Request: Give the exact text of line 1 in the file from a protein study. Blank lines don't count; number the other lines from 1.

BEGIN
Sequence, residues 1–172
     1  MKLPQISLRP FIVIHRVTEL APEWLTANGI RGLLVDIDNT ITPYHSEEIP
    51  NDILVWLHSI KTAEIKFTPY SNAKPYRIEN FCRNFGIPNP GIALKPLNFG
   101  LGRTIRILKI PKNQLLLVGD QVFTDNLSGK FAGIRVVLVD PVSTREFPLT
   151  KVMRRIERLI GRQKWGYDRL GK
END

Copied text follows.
Sequence, residues 1–172